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after his sermon, or offer up to God some of the thanksgiwings hereafter appointed, in his prayer before his sermon.
Of the Preaching of the Word.
REACHING of the word, being the power of God unto salvation, and one of the greatest and most excellent
works belonging to the ministry of the gospel, should be 50 performed, that the workman need not be ashamed, but may save himself, and those that hear him.
It is presupposed, (according to the rules for ordination,)
... that the minister of Christ is in some good measure gifted for so weighty a service, by his skill in the originas languages, and in such arts and sciences as are handmaid unto
divinity; by his knowledge in the whole body of theology,
but most of all in the holy scriptures, having his senses and
heart exercised in them above the common sort of believers;
and by the illumination of God's Spirit, and other gifts of * edification, which (together with reading and studying of the
word) he ought still to seek by prayer, and an humble heart, resolving to admit and receive any truth not yet attained,
whenever God shall make it known unto him. All which
he is to make use of, and improve, in his private preparations, before he deliver in publick what he hath provided.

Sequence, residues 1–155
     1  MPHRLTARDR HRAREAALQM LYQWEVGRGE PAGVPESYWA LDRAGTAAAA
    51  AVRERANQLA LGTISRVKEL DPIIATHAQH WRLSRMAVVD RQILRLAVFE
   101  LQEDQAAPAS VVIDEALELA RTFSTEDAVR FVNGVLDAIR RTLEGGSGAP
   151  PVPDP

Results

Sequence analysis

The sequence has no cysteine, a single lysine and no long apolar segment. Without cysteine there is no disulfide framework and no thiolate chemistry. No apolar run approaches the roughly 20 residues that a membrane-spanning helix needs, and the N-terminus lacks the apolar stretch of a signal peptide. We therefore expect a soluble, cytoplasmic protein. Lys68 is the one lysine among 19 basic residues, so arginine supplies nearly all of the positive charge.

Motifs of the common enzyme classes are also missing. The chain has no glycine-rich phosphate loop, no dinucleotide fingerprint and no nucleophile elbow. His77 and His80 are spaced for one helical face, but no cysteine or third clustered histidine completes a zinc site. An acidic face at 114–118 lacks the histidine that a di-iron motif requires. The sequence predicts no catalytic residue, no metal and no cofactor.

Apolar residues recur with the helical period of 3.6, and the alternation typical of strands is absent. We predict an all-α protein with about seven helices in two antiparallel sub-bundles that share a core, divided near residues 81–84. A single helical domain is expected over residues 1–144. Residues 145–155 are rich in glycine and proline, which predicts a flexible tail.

Ordinarily, the subject of his sermon is to be some text of scripture, holding forth some principle or head of religion, or suitable to some special occasion emergent; or he may go on in some chapter, psalm, or book of the holy scripture, as he shall see fit.
Let the introduction to his text be brief and perspicuous,
drawn from the text itself, or context, or some parallel place, or general sentence of scripture. If the text be long, (as in histories or parables it some
times must be,) let him give a brief sum of it; if short, a
paraphrase thereof, if need be: in both, looking diligently to the scope of the text, and pointing at the chief heads and grounds of doctrine which he is to raise from it.
In analysing and dividing his text, he is to regard more.
the order of matter than of words; and neither to burden the memory of the hearers in the beginning with too many
members of division, nor to trouble their minds with obscure
terms of art.
God to be quick and powerful, and a discerner of thethoughts
and intents of the heart; and that, if any unbeliever orig.
heart made manifest, and give glory to God.